Amy Mitschele (pictured) knows how tough a job search can be.
But unlike the many unemployed in Toronto, her efforts were even harder because she became visually impaired in 2004 as a result of complications from diabetes.
She did contract work for a while, but then struggled for a year to find work.
“It was disheartening,” said Mitschele, 37. “You feel like you’re being kicked while you’re down.”
Then one day she stumbled across a pre-employment program for people with disabilities where she wound up in a six-week course for the BMO Financial Group.
During that rigorous program, run in conjunction with JVS Toronto, potential employees are taught everything from practical computer skills to bank acronyms to how to deal with difficult customers — with role-playing workshops.
“The program gave me a gigantic boost of confidence,” Mitschele said, emphasizing she wasn’t hired because she is visually impaired. “I’m here because I’m qualified. I’m an employee who happens to be visually impaired.”
And now early every weekday morning, she travels from her Danforth-area home with her guide dog Lagoon on the subway to her office at the Eaton Centre, where she does research and runs reports, often before the financial markets open.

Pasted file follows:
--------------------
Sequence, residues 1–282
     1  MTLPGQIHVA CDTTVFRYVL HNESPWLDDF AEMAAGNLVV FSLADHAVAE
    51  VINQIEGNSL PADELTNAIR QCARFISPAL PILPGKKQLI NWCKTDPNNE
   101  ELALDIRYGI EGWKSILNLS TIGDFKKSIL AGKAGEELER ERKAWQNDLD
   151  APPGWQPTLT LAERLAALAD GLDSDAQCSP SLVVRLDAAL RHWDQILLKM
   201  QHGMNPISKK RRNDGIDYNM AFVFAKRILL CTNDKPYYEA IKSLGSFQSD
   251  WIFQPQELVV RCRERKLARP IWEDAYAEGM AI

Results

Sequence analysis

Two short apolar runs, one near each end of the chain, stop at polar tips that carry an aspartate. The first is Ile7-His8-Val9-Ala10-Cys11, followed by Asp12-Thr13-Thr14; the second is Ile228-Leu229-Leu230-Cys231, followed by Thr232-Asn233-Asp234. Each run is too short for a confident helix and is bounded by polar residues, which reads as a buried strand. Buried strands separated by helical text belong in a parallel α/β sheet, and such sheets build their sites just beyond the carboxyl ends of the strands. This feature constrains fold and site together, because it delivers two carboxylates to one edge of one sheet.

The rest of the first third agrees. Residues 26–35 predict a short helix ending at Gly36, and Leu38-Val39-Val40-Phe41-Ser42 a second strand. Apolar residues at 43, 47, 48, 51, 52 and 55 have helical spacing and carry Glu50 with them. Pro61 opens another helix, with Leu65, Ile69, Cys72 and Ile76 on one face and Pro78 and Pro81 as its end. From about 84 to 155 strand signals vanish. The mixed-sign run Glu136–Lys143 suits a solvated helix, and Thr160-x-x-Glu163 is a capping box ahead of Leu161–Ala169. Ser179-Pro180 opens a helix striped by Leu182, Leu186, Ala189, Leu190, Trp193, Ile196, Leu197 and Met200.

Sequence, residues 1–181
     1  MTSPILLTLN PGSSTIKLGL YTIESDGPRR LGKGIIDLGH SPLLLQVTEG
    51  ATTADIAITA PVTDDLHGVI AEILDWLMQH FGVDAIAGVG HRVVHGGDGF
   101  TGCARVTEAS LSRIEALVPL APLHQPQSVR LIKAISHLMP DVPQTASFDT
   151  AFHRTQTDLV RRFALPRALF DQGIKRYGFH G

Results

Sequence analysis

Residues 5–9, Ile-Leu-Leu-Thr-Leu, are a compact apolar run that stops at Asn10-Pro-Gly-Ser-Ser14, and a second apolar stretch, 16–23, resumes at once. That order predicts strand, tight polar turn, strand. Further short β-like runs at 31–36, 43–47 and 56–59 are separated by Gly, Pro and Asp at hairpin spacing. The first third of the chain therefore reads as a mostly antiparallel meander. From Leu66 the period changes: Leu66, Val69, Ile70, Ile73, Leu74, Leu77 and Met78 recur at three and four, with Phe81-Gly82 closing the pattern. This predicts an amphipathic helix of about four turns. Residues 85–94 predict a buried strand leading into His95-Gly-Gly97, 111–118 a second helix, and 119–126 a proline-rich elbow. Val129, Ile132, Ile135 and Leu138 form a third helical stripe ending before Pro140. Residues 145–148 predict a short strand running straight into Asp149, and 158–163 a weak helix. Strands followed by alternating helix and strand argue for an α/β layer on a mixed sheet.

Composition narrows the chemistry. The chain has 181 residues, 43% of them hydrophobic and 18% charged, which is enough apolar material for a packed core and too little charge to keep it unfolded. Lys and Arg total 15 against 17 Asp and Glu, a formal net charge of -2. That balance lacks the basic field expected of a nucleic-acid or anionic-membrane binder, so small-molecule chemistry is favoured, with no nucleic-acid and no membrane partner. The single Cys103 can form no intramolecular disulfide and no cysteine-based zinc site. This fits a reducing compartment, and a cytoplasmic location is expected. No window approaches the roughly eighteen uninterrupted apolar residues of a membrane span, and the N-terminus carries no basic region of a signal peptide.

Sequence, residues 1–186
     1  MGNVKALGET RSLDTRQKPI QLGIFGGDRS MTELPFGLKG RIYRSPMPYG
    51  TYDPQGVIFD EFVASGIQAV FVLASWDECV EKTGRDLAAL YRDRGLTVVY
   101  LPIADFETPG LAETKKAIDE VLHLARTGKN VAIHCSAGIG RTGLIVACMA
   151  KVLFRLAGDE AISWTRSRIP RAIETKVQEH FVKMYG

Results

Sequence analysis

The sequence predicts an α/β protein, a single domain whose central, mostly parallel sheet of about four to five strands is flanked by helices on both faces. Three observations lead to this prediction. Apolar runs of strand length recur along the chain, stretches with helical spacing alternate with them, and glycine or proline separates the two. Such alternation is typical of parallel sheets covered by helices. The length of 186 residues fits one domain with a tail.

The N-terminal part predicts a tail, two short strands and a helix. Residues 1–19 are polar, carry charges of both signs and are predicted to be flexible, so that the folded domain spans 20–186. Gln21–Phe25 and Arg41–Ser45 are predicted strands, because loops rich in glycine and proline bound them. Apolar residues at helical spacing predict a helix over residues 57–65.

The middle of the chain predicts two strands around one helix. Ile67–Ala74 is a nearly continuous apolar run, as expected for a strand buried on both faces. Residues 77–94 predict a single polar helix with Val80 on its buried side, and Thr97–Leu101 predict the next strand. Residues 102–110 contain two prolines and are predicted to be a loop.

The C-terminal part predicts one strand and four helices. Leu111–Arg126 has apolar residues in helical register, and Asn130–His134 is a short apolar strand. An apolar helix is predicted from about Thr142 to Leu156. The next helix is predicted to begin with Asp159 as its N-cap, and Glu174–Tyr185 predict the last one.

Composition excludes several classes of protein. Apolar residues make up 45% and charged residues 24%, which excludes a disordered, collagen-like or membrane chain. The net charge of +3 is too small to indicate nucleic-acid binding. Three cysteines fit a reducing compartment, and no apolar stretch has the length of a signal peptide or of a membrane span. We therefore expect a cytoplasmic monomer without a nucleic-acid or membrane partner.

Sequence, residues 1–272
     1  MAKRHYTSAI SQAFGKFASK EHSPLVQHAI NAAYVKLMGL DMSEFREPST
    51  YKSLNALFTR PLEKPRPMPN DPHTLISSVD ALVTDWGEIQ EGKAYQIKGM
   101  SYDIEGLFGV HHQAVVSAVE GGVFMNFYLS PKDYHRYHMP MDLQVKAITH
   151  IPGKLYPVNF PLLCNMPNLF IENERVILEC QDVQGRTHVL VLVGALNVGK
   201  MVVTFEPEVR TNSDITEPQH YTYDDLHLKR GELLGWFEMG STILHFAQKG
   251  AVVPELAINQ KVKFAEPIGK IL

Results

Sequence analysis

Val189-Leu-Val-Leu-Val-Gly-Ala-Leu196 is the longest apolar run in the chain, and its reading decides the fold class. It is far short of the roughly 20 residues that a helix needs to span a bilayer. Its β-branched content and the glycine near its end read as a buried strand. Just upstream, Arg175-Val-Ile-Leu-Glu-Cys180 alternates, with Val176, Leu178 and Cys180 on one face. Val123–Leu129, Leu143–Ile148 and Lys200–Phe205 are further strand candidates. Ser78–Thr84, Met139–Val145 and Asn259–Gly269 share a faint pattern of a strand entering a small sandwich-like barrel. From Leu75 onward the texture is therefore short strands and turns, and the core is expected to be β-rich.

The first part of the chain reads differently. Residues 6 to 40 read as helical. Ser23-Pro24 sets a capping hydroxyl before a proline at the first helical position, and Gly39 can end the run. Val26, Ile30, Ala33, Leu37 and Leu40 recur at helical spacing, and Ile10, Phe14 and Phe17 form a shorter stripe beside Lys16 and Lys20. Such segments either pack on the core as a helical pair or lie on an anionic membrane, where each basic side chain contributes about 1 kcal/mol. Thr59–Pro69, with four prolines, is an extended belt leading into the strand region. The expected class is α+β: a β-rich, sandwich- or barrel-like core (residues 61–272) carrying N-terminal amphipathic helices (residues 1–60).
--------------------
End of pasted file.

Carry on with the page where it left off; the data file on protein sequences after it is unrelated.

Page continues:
“It’s a great feeling to get up in the morning and feel like you’re needed,” she said. “I think the program helps them to see you for who you are, they don’t see you as a person with a disability.”
Carol Hacker, director of disability services at JVS, says the retention rate among graduates of pre-screening program is higher than without the program.
“It’s in the employer’s interest to know who they are getting. Standards are set. If they don’t graduate, they don’t get hired,” Hacker said. “It makes the first number of months at work easier.”
Demand for the program is high, often more than 500 applications for only 15 spots, said Nicole Jacksic, BMO’s senior adviser, diversity and workplace equality.
She noted the program, which has an 80 per cent success rate, teaches potential employees what to expect in the workplace, and at the same time, managers are involved in the selection process.
That means they tend to be more committed to ensuring the employee succeeds, Jacksic added.
At 49, Sanjay Sethi has held many jobs from human resources to variety store owner, but when his sign franchise business failed a year ago, he was struggling to find work.
For months, he sent out resumes and not a single response. Finally, Sethi, who had his right arm amputated in 1982 as a result of an industrial accident, came across the BMO program.
And now he’s been working as a teller at a Brampton branch since the summer.
“I’m lucky. If I didn’t find the program, I would probably still be looking for work.”
Tuesday, February 1, 2011
The Toronto Star:
Posted by BA Haller at 1:10 PM